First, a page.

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Featured Artist of the Month

September 2022 - Jeremiah Wenger

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The Wild Honey Collective Album cover. Sepia toned photo of band members sitting and standing under trees playing their instruments.

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Jeremiah Wenger

About Jeremiah Wenger

Written by

Sue Clements

If you’ve enjoyed live music this summer in the West Michigan area you’ve probably heard Jeremiah (Jerry) Wenger play. The man's busy. He shares his talents with several local bands; Hannah Rose, The Ryne Experience, Austin Benzing, Future Skeletons, and Sally Ann Company, to name a few. He has long, red hair but more notable are his guitar skills. This guy plays with obvious technical ability, but there’s definitely so much more.

He was fun to interview – at ease, interesting, and so smart. “I’m a for-hire musician pretty much,” he shared. Jerry calls himself a multi-instrumentalist, playing drums, bass, and guitar. When asked what instrument was his favorite to play, he shared, “Usually guitar is my most expressive instrument. You play a lot more melody lines, so you can put a lot more emotion into the song. With bass and drums you have to hold down the fort. I feel like the job of the guitar player is to make people think about it and feel it more.”

Jerry shares that he doesn’t recall his earliest ‘music’ memory. It’s always been a big part of his family life. Regularly, there were people jamming in their backyard. They went to festivals and his dad played in bands. “My sister and I ran around the festivals on our bikes.” He remembers being just a little guy, getting “up on stage, and slapping a guitar to make a bunch of noise.”

He started playing drums when he was seven, later on picking up bass guitar. In middle school, Jerry was part of a band called The Offsiders. He shared that they “played in public at a few places that don’t exist anymore” and spent time “busking in downtown Lowell along the riverwalk and at ArtPrize in Grand Rapids.”

Jerry was involved in the Orchestra, Fiddle Club, and Lowell’s Fusion Rock Orchestra. Starting out in middle school Orchestra, he and about 10 other kids all hoped to play percussion. Jerry ended up playing ‘double bass’. The upright bass was a new instrument for him. He credits his time in school music programs with really building his skills. During our interview, he circled back to youth music programs in school. He talked about the importance of getting kids into music at a young age and the opportunity music offers as a healthy way to express themselves.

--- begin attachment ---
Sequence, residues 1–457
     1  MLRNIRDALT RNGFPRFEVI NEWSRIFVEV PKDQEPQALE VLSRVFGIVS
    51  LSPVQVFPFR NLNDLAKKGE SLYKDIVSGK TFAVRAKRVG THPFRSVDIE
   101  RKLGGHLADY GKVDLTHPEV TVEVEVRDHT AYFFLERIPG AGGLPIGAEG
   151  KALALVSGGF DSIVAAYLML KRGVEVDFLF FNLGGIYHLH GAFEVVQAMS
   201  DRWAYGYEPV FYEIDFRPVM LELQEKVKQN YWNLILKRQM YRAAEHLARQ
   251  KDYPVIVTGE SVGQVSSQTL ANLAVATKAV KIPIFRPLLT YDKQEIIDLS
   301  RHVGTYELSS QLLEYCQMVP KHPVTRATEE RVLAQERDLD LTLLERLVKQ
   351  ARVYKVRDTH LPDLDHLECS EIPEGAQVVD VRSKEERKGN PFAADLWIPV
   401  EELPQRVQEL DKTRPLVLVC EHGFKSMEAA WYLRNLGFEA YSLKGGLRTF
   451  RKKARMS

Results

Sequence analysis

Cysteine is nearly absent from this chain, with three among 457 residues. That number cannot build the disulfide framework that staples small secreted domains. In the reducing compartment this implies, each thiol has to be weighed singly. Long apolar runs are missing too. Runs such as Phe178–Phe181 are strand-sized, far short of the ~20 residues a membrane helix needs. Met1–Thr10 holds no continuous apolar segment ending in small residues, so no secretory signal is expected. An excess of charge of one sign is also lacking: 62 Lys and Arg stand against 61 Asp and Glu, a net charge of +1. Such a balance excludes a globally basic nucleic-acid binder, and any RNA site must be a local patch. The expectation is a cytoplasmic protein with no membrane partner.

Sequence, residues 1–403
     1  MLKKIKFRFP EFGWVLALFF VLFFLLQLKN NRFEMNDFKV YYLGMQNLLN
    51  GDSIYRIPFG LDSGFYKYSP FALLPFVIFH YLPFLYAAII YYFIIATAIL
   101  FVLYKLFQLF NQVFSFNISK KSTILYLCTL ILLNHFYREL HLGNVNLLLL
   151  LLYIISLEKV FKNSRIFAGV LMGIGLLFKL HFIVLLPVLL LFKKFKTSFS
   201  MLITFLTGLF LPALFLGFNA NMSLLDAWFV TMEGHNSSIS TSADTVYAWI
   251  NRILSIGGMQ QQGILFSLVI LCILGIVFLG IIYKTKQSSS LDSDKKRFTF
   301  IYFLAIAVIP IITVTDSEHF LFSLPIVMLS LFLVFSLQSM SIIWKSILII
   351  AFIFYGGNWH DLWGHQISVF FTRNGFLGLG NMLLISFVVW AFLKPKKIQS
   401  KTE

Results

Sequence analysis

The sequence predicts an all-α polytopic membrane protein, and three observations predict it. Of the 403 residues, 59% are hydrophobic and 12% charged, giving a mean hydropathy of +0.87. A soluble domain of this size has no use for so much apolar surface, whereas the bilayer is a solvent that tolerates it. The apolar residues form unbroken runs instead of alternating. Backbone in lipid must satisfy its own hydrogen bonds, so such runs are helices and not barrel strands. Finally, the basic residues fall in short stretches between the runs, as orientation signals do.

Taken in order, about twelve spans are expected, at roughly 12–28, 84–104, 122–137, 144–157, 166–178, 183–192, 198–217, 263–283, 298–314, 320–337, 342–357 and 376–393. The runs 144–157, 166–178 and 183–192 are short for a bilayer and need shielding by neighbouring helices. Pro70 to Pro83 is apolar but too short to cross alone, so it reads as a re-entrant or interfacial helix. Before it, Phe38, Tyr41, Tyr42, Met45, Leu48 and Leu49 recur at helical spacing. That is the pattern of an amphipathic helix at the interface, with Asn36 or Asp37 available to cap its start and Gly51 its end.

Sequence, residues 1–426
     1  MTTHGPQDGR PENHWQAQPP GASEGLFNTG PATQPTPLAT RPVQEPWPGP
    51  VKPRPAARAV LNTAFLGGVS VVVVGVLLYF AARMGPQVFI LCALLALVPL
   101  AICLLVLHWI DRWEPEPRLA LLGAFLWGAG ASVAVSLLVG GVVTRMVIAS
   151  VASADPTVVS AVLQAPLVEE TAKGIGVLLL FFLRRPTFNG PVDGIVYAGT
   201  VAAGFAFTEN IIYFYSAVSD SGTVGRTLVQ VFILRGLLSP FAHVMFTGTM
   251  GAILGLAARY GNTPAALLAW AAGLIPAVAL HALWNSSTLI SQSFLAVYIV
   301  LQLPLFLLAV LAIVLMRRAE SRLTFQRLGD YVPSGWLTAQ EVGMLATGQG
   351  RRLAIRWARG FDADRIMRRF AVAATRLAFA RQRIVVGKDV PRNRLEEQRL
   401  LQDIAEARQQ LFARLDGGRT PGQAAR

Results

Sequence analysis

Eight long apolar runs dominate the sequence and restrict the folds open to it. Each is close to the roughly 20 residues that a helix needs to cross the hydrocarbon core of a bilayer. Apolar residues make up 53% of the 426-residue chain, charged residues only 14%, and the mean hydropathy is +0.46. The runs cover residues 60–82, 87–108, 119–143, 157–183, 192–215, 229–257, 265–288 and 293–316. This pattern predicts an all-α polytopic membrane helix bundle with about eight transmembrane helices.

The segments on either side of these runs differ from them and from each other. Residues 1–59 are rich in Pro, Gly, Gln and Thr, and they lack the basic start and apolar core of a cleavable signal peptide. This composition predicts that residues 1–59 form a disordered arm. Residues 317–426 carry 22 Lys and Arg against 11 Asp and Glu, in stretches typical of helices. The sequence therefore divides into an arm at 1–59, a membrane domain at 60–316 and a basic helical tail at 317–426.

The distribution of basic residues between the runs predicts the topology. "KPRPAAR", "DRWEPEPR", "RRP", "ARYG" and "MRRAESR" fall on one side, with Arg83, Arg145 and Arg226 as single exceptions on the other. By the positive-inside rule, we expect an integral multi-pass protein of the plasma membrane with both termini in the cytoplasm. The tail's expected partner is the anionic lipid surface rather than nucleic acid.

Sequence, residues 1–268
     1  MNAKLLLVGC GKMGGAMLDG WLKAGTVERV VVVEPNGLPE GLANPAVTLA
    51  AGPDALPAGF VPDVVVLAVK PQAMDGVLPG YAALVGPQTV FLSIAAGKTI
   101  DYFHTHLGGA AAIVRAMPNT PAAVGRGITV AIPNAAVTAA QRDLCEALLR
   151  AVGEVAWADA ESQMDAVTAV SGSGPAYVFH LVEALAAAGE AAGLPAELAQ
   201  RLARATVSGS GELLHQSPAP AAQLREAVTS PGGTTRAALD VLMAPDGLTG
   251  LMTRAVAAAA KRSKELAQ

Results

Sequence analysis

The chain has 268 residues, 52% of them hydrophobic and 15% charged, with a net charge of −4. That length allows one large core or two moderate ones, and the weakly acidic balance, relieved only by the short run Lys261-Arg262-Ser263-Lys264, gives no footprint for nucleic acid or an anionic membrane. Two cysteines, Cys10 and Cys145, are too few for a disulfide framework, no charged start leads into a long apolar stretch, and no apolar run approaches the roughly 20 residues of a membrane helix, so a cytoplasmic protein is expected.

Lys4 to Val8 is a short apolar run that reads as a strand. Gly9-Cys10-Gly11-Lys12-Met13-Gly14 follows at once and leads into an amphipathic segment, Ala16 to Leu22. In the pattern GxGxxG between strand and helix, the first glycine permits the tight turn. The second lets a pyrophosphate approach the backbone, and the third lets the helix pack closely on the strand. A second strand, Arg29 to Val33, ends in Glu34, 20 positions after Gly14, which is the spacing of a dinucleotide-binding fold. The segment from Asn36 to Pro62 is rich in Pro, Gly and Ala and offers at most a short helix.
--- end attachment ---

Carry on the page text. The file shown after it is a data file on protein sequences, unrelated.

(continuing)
He has a full schedule. I asked what a typical week looked like for him. The week starts with practice or rehearsals. He goes to open mics to connect with other musicians. Wednesday through Saturday he’s out there playing, often with a different band each night. Jerry seems to thrive in this craziness saying, “It keeps things fresh for sure… It certainly brings you out of your box and makes you think more.” Oh, he also installs granite countertops to help pay the bills.

Constantly challenging himself, Jerry is up for opportunities to step up to the plate, expand his skills, and be creative. Catch him playing improv with Future Skeletons and there's a good chance that you’ll hear something fresh, new, and just for that moment in time.

Jerry was quick to answer the question of what qualities make a good guitarist. He shared, “The ability to listen - listen to what other people are doing in the group. The ability to not play, to sit back and listen to everyone else. Also, the ability to not show off.” He continued, “It’s just like having a conversation. You don’t want to talk over the other person. You want to let everyone else in the group shine just as much.” “Lots of times the drive home has no music,” he shared. “Just need to let the ears take a break for a minute.”

Jerry is looking forward to going into the studio to record this fall with Y-not, a full collective band. Also, he’s part of a Hannah Rose album that’s due to be coming out this fall.

No doubt Jerry Wenger is all there with his music - engaged, delighted, and working hard. He does not take his career for granted. Interviewing him, I was impressed with the way he seems to celebrate each moment and look at music as the gift it is.

You can see Jerry’s talents for yourself at the LowellArts Gallery Concert on Saturday, September 24 with Hannah Rose (details can be found at

Look for him playing locally. You’ll be so glad you did.

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